SXSW Film Review: Long Shot
Rogen and Theron are charming in charmless political rom-com
By Richard Whittaker,
1:24PM, Sun. Mar. 10, 2019
Seth Rogen’s patented brand of protracted-adolescence stoner comedy is the definition of hit (The Disaster Artist) or miss (the tediously juvenile Sausage Party). So it’s an oddity that political rom-com Long Shot is neither here nor there.
Rogen plays Fred Flarsky, an undercover investigative journalist for a fictitious New York newspaper, out of a job after a takeover by an evil media baron (Andy Serkis, eschewing motion capture for a thick layer of prosthetics). Raw coincidence intervenes, as is the way with rom-coms, and back into his life wanders Charlotte Field (Charlize Theron), his old babysitter and now U.S. Secretary of State, who is gearing up for a presidential run and needs a speech writer.
To anyone expecting a political satire along the lines of the funnier episodes of The West Wing or even Guarding Tess – tough luck. This is more First Kid with added jizz jokes. It’s a lumpy “opposites attract” love story that becomes a jet-setting romance, with the predictable conclusion to the question of whether these crazy kids can make it work.
The saving grace is the easy energy between Rogen and Theron, complimented by June Diane Raphael as Charlotte’s scathing chief of staff and O’Shea Jackson Jr. as Fred’s corner-office-executive friend. The supporting cast gets all the best lines, while the leads get most of their laughs from good-natured mugging.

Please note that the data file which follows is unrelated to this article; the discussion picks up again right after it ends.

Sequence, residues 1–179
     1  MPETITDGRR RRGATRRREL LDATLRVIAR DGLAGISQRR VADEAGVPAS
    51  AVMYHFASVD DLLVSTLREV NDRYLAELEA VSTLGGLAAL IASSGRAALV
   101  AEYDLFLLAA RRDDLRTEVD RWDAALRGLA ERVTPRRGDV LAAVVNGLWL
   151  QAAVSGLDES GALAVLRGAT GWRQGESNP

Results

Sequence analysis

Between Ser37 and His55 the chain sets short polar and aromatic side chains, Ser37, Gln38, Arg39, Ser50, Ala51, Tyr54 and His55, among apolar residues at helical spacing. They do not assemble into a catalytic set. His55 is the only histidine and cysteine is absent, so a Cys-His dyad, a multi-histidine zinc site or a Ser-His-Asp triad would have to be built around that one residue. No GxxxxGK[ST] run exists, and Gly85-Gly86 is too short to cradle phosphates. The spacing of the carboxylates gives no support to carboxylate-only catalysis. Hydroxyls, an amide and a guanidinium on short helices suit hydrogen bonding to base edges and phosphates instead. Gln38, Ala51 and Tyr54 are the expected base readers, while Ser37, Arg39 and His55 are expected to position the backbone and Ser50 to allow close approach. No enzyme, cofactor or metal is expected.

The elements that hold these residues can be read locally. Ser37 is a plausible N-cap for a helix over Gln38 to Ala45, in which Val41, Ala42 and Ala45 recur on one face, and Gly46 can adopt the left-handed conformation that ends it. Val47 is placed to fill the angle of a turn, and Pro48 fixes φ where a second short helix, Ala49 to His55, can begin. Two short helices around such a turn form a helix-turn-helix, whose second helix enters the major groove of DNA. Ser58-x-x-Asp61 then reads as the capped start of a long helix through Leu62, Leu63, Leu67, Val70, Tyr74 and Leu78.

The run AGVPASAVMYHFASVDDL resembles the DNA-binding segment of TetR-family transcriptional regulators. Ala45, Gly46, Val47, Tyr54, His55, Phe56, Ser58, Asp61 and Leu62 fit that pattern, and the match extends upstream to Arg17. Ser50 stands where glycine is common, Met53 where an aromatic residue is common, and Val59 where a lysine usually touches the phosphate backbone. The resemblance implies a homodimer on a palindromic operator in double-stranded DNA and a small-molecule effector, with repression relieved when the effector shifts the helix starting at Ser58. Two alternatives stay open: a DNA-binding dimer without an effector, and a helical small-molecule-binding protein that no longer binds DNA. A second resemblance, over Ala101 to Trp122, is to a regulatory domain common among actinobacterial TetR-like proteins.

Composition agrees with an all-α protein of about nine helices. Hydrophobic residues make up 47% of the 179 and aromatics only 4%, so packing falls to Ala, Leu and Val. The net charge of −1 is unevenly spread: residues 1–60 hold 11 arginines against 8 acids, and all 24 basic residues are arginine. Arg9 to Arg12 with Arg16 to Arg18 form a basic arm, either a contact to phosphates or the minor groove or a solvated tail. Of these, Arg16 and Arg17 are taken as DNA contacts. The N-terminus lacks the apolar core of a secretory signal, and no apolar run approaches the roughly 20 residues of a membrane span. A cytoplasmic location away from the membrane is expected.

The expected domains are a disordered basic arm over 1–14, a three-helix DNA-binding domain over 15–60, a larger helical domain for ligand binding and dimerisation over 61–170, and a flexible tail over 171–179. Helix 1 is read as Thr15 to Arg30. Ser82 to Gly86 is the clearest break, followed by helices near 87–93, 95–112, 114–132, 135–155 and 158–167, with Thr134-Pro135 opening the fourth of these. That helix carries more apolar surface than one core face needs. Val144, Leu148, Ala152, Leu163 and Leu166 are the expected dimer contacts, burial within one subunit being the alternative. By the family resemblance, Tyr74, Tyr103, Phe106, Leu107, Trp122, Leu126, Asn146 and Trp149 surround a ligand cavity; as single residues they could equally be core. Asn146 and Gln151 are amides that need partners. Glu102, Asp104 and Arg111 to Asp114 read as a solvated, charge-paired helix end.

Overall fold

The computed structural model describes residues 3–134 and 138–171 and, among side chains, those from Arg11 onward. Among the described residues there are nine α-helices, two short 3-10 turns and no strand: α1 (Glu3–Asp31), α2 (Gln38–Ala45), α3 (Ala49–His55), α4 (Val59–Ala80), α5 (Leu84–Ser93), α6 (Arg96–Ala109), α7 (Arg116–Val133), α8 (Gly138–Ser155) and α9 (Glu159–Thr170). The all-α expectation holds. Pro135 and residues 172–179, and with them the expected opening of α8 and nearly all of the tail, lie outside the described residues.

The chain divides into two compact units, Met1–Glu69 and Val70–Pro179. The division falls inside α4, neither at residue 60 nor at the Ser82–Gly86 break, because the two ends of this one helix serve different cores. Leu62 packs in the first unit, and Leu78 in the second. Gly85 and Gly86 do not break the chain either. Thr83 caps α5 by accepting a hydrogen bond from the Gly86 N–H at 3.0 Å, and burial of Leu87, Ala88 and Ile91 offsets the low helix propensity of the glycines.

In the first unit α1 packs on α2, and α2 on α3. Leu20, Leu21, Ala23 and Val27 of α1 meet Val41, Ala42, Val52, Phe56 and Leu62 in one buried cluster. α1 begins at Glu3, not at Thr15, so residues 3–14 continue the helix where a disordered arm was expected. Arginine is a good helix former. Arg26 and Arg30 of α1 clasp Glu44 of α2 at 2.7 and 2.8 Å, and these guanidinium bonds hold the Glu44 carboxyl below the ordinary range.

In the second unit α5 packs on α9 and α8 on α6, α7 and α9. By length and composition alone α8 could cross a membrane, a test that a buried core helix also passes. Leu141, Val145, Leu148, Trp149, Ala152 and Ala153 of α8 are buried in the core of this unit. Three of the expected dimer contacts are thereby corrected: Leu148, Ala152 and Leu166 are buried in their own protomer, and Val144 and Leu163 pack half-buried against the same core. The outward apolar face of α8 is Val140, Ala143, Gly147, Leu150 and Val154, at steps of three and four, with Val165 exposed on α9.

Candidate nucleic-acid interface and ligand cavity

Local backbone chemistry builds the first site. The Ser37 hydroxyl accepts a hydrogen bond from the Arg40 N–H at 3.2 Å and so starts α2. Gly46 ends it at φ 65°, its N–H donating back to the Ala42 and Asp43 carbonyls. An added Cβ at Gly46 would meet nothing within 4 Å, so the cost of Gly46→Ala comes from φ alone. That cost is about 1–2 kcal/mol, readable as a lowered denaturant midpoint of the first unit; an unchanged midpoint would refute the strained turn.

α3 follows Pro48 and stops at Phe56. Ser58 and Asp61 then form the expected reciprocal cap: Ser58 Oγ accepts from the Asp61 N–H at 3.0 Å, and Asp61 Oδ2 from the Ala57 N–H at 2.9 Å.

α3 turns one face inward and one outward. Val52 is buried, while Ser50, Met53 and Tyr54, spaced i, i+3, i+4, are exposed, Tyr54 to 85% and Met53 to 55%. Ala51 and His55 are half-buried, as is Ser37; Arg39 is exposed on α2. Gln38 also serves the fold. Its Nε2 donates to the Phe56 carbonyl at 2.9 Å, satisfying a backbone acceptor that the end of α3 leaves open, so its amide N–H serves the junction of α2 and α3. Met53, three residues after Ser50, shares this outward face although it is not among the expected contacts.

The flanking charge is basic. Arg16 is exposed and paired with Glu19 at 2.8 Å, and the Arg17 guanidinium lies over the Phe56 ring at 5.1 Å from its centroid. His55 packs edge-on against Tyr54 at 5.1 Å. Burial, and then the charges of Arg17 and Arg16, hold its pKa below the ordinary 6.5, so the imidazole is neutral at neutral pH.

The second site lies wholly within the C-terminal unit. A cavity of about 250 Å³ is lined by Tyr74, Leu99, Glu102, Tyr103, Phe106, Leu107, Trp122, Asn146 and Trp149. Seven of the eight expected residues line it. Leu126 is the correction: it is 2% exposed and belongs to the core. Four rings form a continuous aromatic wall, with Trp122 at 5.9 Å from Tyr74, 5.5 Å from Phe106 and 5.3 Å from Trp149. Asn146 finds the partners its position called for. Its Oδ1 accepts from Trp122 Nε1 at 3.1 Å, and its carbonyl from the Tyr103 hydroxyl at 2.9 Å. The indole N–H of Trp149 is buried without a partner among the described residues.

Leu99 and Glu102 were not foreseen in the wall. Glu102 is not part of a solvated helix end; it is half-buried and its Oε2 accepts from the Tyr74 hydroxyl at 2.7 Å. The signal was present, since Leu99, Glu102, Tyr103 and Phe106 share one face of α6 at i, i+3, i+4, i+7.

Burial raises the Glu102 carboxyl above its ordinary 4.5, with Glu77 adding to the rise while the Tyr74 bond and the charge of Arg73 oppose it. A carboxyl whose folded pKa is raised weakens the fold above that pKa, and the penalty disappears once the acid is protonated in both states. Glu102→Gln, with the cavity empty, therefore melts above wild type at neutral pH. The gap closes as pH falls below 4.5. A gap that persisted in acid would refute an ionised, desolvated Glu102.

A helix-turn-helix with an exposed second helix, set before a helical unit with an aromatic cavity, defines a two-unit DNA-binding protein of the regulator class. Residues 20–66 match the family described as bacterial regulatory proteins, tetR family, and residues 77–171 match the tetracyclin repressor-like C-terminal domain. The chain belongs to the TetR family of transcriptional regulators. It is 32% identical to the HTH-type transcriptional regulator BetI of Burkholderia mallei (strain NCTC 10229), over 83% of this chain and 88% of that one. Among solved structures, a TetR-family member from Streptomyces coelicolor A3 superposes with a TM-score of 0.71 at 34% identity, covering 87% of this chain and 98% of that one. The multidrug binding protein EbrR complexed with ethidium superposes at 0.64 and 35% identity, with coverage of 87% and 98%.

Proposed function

But scrape past that, and Long Shot is a campaign without a clear platform. Director Jonathan Levine (who pushed Rogen to much more sympathetic heights with 50/50) seems content to let the formulaic, Sixties-style screwball antics play out exactly as expected. It’s a little astounding that a comedy about electoral politics in 2019 has so little to say about how women candidates are treated. Charlotte never seems like a real office-holder, and if you weren’t told that she’s a policy wonk and an adept negotiator, there’s nothing in the script to really show it. But then, Fred never seems like a journalist (not least due to being able to afford that huge loft in Brooklyn). They’re just a pair of doofuses having fun, which makes for OK slapstick but annihilates any romantic tension – the lifeblood of any good rom-com. Moreover, Rogen’s corny stoner-hipster schtick is definitely wearing thin; luckily, like Theron, he’s capable of so much better.